‘We’ll honour the fallen with sadness and pride in 2016’

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Traditionally the end of year is a time for looking back over the 12 months just passed as well as looking forward to the year ahead.

This is no different although 2016 promises to be a date filled with historically important commemorative events.

The centenary of the Battle of the Somme will be filled with poignancy and emotion, not just because the 1st July 1916 was one of the most significant days in the First World War but because almost five thousand young men from the 36th Ulster Division fell on that day alone.

The total number of British casualties on that day was estimated to be around 60,000 and with Ulster comprising less than one thirtieth of the population it might have been expected that the North (as it then was) would have suffered a loss of less than two thousand men so the casualty rate per head of the population was almost three times greater than that suffered by the rest of the Nation.

Such was the scale of loss that scarcely a village or town was left unscathed as the grim news returned of much of a generation wiped out in the cause of defending freedom.

The famous words of Capt. William Spender on the day after the terrible onslaught have never been forgotten; “I am not an Ulsterman but yesterday, the 1st. July, as I followed their amazing attack, I felt that I would rather be an Ulsterman than anything else in the world.” The dignity and solemnity of that day will be encapsulated within the events held to commemorate 1st July 1916.

Irish Republicans will be organising events to remember the 1916 Easter Rising in Dublin. While this is obviously quite a different type of event it is to be hoped that those involved in those commemorations will not endeavour to rewrite history as some have tried to do with more recent occasions marking violent events. Any type of historically inaccurate or undignified commemorative events are totally inappropriate and could be totally counter productive as this community tries to build a better future.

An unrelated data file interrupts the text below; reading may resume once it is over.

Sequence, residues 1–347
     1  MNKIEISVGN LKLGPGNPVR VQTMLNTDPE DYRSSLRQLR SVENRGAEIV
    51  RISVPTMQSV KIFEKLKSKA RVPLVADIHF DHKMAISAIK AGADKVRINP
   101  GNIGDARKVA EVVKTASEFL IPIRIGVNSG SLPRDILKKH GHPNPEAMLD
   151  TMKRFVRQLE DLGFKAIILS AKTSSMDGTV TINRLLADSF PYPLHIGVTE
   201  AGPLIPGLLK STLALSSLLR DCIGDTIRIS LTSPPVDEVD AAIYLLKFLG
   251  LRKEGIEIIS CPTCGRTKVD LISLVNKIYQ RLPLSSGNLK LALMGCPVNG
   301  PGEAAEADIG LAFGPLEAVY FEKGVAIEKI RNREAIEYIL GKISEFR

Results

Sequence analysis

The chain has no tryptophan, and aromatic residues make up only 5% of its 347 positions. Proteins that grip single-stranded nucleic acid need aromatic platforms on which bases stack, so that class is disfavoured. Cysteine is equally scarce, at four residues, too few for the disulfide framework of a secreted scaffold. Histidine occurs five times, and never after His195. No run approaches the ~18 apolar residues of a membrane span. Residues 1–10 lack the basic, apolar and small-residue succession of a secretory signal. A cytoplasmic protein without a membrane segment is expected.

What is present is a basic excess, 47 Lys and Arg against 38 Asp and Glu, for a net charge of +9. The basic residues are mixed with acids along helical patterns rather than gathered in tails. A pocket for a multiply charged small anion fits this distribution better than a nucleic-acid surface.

Looking ahead to the Assembly Elections and beyond it needs to become abundantly clear that people want to see progress. It is more than just a mantra that we must build for the future while not letting people re - write the past. For us in the DUP that will be our constant watchword. Whatever the determination of the republican revisionists they will find in us a greater determination, however long Irish Republican think they can sustain their ‘campaign’ they will find in us opponents who will sustain our fight for longer, they may well take time to realise the futility of their fight but they will learn, however long it may take them.

In short 2016 has the promise to be much better than 2015, it is up to us all to realise the potential of the year ahead.